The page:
Sunday 8th March 1959 was just a working day like any other for Mr Stanley Clark when he set off early from his home on Preston Road, Whittle-le-Woods to cycle to his job at a farm in Withnell Fold, just a few miles away
As he approached St Chad’s church he saw what he thought were lights shining inside. Drawing nearer he realised they were flames burning out of control. Mr Clark quickly pedalled down to the Police Station in Wheelton where he reported what he had seen. After alerting the Fire Service the police officer on duty phoned Fr Cyril Pilson, Parish Priest at St Chad’s since 1952. The time was shortly before 6.00am.
In response to the call Fr Pilson hurriedly pulled on a shirt and socks over his pyjamas and made his way from the presbytery where he lived along a short passage way to the sacristry. However, when he opened the sacristry door leading into the church he was beaten back by the heat and choking smoke. He tried a second time and was again forced to retreat. In a third attempt Fr Pilson put a dampened handkerchief over his face, dropped onto his hands and knees and crawled into the church.
Feeling his way as best he could he reached the altar rails where he stopped for a few seconds and said a short prayer. On looking up he saw that the smoke had cleared enough for him to make his way up the altar steps to the tabernacle and to remove the ciborium containing the Blessed Sacrament which he then took to a place of safety. Talking to reporters later he told them, “My first thought was to rescue the Blessed Sacrament” but, in his typically modest fashion he made light of the danger he had faced, which wasn’t fully recognised until a few days afterwards.
A neighbour, Mr Reeder, the rear of whose house overlooked St Chad’s had also put in a 999 call after hearing what he said sounded like ‘coal being shovelled’ and seeing smoke rising from the church and by 6.30am the ridge of the church roof was ablaze.
Six fire engines from Chorley, Leyland and Bamber Bridge attended as well as a turntable escape brought in from County Fire HQ, Preston. The firemen used water from a nearby pond that was fed by Whittle Springs once noted for their curative properties.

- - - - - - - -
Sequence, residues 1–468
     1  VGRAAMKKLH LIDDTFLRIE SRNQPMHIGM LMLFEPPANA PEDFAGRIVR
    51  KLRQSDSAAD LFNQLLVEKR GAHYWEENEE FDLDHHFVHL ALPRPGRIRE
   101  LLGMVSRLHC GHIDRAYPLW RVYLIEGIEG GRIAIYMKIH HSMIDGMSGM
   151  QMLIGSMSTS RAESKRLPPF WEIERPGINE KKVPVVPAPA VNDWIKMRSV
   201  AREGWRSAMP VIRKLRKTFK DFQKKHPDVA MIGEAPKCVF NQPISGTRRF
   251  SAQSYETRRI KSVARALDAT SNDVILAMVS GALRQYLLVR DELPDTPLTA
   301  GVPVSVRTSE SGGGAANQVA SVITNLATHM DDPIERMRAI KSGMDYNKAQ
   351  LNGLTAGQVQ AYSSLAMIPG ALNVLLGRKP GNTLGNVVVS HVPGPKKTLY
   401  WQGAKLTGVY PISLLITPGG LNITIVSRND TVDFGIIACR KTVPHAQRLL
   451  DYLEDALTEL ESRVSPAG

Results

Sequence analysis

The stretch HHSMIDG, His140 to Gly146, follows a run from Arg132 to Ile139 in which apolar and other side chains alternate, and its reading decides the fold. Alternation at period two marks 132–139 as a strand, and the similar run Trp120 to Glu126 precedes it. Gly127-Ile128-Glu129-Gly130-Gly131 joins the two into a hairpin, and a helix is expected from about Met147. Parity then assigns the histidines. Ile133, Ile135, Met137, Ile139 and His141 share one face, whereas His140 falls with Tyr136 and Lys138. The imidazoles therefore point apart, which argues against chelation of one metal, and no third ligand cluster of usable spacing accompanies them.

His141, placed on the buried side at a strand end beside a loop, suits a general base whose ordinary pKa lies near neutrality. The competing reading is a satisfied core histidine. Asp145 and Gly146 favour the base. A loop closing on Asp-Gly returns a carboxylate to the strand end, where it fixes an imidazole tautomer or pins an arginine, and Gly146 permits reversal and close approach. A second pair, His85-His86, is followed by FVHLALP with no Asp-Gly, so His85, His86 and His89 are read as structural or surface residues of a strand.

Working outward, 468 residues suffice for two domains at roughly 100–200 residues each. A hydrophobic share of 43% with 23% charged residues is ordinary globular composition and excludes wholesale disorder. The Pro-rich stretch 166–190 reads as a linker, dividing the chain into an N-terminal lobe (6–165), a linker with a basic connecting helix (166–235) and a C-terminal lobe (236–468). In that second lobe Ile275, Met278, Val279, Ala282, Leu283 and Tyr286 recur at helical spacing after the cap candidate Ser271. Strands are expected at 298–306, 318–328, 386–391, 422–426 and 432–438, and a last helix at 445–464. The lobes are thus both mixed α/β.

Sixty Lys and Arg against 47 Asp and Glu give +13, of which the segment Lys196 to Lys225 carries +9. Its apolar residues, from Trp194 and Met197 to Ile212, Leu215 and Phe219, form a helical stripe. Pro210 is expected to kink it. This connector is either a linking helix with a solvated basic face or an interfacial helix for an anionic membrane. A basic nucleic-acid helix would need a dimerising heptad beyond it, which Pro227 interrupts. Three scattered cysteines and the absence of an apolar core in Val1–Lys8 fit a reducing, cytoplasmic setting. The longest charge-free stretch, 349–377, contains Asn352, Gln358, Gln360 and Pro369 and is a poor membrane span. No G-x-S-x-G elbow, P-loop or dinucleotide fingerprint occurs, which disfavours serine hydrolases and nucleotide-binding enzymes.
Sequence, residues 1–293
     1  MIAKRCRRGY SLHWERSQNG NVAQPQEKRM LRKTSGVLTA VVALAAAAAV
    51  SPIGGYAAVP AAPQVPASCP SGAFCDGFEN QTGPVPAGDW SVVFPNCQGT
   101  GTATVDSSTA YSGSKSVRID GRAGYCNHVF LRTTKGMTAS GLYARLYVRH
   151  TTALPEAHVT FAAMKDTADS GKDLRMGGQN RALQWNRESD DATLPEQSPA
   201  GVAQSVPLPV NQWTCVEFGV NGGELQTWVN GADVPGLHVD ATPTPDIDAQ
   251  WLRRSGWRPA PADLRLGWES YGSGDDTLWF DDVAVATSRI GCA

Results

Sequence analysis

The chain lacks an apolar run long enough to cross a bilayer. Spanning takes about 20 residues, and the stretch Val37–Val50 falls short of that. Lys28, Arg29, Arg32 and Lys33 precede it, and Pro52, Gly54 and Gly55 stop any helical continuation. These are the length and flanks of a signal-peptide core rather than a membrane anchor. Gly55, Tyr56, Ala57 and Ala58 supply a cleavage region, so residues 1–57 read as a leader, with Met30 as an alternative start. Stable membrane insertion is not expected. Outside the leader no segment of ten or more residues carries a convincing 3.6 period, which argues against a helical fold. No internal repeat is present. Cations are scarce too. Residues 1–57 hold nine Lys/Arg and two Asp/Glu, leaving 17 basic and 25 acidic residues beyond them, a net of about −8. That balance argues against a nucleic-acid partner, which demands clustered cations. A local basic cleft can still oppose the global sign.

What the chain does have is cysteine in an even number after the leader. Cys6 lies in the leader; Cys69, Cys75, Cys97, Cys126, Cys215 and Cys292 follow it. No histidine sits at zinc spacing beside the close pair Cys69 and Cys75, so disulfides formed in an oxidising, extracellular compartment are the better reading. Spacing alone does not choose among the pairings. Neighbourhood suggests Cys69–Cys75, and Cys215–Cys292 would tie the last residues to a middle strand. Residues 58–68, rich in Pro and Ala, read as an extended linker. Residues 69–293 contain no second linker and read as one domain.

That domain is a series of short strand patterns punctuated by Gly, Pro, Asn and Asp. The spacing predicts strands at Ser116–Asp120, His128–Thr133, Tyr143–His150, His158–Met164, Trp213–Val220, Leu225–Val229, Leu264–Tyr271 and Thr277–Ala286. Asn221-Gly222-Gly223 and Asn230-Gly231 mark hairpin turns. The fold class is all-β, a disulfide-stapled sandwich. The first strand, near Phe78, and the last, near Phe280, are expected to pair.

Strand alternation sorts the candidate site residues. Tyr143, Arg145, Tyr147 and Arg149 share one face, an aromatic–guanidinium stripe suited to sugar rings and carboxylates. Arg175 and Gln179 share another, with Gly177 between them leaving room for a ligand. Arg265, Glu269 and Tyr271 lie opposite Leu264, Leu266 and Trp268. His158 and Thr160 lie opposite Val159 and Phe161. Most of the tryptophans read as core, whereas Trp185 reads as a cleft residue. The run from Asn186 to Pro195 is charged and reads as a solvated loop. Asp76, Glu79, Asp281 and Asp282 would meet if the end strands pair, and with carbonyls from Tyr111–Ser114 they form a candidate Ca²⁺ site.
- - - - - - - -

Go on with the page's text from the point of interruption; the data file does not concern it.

Fanned by a strong easterly wind the flames quickly spread along the roof through the cavity between the slated exterior and the wood and plaster church ceiling. Some of the firemen climbed ladders onto the slates where it was necessary for them to break through in order to fight the fire from above. Others battled inside and directed their hoses upwards, all the while enduring the showers of debris, slates and roof timbers falling down upon them. Photographs show the fire-fighters scaling ladders that appear to be precariously flimsy compared to those used today.
Soon, around 70 parishioners began to arrive for 7am Mass and looked on in horror at the devastation before them. Many were in tears and a number bravely helped to rescue vestments, altar linens and other items from the sacristry before firemen directed everyone away to a safe distance. Fr Pilson, too, was evacuated from the presbytery and is said to have sat in his car where he was served sandwiches and hot drinks by neighbours.
Investigations carried out later pointed to the seat of the fire being somewhere in the choir loft as the whole of this area, the organ and choir stalls were completely destroyed as was the staircase, and a gas meter near the stairs suffered serious damage. The church had no gas supply, only the presbytery, where, until services were restored, cooking had to be done over a coal fire and candles provided lighting as the electricity supply was also cut off. Forensic experts took away a number of objects but this was stated to be simply routine action. An unknown man, who left the church at 8pm on Saturday evening at the request of Fr Pilson, was not sought by police as there had been no sign of fire when the usual check of the church was made at midnight.
Once firemen brought the flames under control the full extent of the damage became all too clear. The roof was almost completely destroyed both by the fire and the actions of the firemen while fighting the blaze. Above the white marble altar, upon an intricately carved canopy, stood a magnificent wooden tableau depicting the Crucifixion with Our Lord on the cross between statues of Our Lady and St John. Much of the painted surface was burned away and the structure was never replaced. A parishioner who ventured through the porch way whilst smoke was still rising from the debris covering the church floor, shook his head and was heard to mutter, ‘There will never again be such a high altar’.